Friday, October 19, 2007

Class Struggle, The Post and Oxymorons

From Michael Reidel’s COST OF CLASS STRUGGLE column in the Post.

If class struggle is being mentioned in The Post, odds are the result will be at best, inane.

Rich people can be awfully sentimental about the working classes.

Actually, Mike, rich people think the working classes suck. They don’t want their smelly factories in their hometowns so they ship those nasty, damn things and their crummy unions off to overseas. There our little brown and yellow skinned friends can work in the smelly factories and become consumers themselves. The rich have convinced themselves that they have their own economy, the financial economy, separate from everyone else’s and that theirs is the ultimate expression of American might. Wait, Americanism is déclassé. Real people, our people, the wealthy, are citizens of the world, multinationals, whose expression is the ultimate example of the might of wealth. Our wealth.

Broadway has turned its back on the working and middle classes.

Again, Mike, not so much. Broadway has never really embraced the working and middle class. As a stagehand I've studied this a bit. Vaudeville and burlesque were it entertainment for the masses. Then radio and film. Then television. Now it’s the Internet. To say Broadway has turned it’s back on the working and middle class is like saying the Metropolitan Opera turned it’s back on the same audience. They were never invited to the party in the first place. The fact that the grosses on Broadway have risen so high speaks to the rise of tourism in Times Square and the loss of elitism on Broadway. An elitism the League of American Theatres and Producers is marketing and cheapening at the same time. Broadway is becoming more common rather than less. The aspiration of the middle class for an exposure to culture is main factor driving greater attendance. However, the topicality of the productions also speaks to that lack of understanding of the power of theatre.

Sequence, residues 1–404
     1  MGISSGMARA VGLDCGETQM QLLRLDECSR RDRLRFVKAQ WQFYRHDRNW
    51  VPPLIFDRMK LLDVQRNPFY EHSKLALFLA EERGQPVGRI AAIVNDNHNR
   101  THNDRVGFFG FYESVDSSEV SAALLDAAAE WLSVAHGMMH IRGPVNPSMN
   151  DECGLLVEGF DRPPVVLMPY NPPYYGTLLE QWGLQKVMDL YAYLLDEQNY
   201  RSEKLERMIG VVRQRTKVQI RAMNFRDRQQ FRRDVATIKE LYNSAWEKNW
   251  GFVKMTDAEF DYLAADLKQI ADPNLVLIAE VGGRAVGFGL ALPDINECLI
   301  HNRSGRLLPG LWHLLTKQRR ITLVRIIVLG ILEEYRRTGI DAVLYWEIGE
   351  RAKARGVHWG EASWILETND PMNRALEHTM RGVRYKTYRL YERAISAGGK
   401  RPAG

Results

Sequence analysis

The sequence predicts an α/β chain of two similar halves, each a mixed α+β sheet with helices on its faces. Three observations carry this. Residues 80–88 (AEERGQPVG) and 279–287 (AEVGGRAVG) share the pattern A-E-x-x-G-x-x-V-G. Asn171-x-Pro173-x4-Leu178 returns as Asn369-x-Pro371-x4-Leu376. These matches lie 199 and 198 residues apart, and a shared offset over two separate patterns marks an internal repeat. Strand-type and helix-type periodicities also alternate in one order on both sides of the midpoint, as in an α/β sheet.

The majority of US soldiers killed in Iraq are from the Rust Belt of the Upper Midwest. There are no jobs, no future and the only way out is through the Armed Forces or interior immigration. Hundreds of thousands of people are in the US illegally from all over the world and we don’t hear their stories? Single parent families dominate our society and commercial Broadway theatre ignores the implications. Off-Broadway and smaller spaces will take these issues on but their exposure is extremely limited. Adaptations of movies and revivals of past hits indicates the comfort level of both Broadway investor and audience is quite low to risk while the lack of new dramas and musicals telling powerful, modern stories says that audiences and investors have no appetite for challenging subject matter.

The ideas of the ruling class are in every epoch the ruling ideas, i.e., the class which is the ruling material force of society, is at the same time its ruling intellectual force. Karl Marx

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